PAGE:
Dupilumab Ocular Surface Disease More Common in Atopic Dermatitis

Anatomy of human eye, perspective.
Data suggest that individuals with atopic dermatitis may have unique ocular properties that are responsible for the development of ocular surface disease.

Dupilumab ocular surface disease (DOSD) occurs at a much lower rate in patients who are treated for a skin disease other than atopic dermatitis (AD), according to a study published in the Journal of the American Academy of Dermatology.

In this retrospective chart review, researchers compared the frequency of DOSD in patients with AD (n=85) to patients with other cutaneous diseases (n=26). The other conditions included bullous pemphigoid (n=1); chronic actinic dermatitis (n=2); chronic idiopathic urticaria (n=1); cutaneous T cell lymphoma (n=1); dermal hypersensitivity, dermatitis of Immunoscenescence (n=1 each); dyshidrotic eczema (n=11); erythema annulare centrifugum (n=1); palmoplantar psoriasis (n=1); prurigo nodularis (n=2); psoriasiform dermatitis (n=3); and Wells syndrome (n=1).

Patients were seen at UConn Dermatology Associates or the Connecticut VA between April 2016 and April 2019 and were excluded if they did not have a dermatology follow-up after initiating treatment with dupilumab, reported noncompliance with dupilumab, and/or were receiving dupilumab for non-dermatologic indications.

Of the 85 patients receiving dupilumab for AD, 23 developed DOSD, compared with only 1 patient who received dupilumab for another cutaneous indication (odds ratio [OR] 9.2742; 95% confidence interval [CI], 1.1876–72.4237; P <.01). Two of the 24 patients receiving dupilumab for a dermatologic indication other than AD discontinued the medication because they experienced intolerable ocular symptoms.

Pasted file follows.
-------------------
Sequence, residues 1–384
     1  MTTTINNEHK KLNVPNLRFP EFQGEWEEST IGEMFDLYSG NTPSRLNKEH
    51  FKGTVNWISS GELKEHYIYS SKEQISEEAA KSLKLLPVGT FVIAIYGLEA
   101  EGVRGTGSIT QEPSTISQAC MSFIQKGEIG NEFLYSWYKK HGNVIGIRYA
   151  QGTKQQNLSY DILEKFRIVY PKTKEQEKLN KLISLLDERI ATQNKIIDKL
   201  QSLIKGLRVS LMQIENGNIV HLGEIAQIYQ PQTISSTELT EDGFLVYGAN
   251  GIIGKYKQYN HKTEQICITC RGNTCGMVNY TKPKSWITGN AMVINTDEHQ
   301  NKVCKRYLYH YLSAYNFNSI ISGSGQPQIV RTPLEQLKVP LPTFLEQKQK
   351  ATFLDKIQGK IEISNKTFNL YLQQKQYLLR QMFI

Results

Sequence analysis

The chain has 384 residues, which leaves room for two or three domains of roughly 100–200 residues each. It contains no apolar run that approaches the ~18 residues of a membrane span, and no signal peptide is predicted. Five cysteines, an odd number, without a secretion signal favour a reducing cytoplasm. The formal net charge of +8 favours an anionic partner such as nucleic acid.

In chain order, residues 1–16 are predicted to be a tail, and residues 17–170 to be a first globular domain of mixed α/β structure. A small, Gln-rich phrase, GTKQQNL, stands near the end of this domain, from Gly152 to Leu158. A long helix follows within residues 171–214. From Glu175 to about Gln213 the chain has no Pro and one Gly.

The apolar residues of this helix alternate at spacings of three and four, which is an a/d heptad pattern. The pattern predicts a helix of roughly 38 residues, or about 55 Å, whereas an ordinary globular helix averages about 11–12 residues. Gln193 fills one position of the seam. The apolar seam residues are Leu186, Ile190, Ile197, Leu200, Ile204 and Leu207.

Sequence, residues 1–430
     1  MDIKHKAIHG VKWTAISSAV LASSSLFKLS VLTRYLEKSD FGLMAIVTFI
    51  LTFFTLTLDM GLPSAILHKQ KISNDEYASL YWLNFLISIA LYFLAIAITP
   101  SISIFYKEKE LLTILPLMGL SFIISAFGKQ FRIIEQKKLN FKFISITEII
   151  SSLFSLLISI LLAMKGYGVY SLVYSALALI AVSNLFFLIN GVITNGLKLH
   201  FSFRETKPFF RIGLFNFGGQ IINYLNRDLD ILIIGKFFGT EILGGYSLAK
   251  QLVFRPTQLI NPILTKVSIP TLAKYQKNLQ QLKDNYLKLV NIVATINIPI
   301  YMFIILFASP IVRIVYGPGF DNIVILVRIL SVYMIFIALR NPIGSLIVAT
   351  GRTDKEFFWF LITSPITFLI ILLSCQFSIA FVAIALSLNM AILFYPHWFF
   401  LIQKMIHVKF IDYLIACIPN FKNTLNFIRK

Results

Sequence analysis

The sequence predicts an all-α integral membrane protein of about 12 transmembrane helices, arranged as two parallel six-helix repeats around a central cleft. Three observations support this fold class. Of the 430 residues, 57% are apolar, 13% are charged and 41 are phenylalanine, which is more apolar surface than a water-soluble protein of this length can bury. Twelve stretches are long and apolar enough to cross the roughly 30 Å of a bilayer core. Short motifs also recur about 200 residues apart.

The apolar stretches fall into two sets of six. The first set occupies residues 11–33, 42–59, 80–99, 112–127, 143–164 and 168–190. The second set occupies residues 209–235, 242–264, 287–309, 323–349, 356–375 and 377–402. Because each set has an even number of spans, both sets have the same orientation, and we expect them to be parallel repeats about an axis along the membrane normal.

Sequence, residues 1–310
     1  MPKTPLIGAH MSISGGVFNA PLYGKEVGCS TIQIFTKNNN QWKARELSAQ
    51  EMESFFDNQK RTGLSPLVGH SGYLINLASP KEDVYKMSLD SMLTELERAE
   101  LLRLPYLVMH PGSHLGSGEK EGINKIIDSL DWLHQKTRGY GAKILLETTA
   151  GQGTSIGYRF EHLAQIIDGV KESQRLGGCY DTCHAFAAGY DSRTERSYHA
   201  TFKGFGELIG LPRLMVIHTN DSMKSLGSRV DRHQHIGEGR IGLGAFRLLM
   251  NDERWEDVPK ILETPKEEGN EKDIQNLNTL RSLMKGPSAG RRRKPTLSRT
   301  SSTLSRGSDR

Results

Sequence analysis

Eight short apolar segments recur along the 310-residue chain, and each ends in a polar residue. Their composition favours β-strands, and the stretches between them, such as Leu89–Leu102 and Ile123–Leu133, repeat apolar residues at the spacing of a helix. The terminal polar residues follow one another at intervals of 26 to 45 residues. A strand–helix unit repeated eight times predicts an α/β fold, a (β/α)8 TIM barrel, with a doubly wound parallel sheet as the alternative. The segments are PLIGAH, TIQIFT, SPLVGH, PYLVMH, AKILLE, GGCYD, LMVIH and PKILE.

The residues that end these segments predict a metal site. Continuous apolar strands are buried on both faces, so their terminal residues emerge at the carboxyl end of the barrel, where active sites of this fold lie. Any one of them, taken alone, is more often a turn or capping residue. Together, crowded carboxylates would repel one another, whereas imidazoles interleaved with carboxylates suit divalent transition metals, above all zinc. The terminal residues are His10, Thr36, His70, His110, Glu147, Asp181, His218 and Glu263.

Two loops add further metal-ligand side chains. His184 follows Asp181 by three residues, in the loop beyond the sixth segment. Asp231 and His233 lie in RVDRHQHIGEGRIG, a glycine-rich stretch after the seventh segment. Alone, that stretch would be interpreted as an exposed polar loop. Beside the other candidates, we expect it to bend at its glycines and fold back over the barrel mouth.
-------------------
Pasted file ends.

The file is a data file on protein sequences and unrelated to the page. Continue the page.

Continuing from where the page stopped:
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This study was limited by its retrospective nature, misclassification bias, and use of data from several clinicians.

These findings are consistent with previous findings that DOSD does not occur in individuals who received dupilumab for asthma. The researchers suggested that “individuals with AD may have unique ocular properties that are responsible for the development of (ocular surface disease) in the context of IL-13 inhibition as OSD has also been reported in Phase II AD trials of an IL-13 inhibitor.”

Researchers further postulated a potential explanation based on a series of conjunctival biopsies from patients with DOSD that found decreased density of intraepithelial goblet cells, suggesting that DOSD occurs secondary to tear film alteration and subsequent conjunctival irritation. It is important to understand the potential risk for OSD as dupilumab is increasingly used for cutaneous diseases other than AD.

Disclosure: One author declared affiliations with the pharmaceutical industry. Please see the original reference for a full list of author’s disclosures.

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Waldman RA, DeWane ME, Sloan SB, King B, Grant-Kels JM. Dupilumab ocular surface disease occurs predominantly in patients receiving dupilumab for atopic dermatitis: a multi-institution retrospective chart review [published online July 17, 2019]. J Am Acad Dermatol. doi: 10.1016/j.jaad.2019.07.031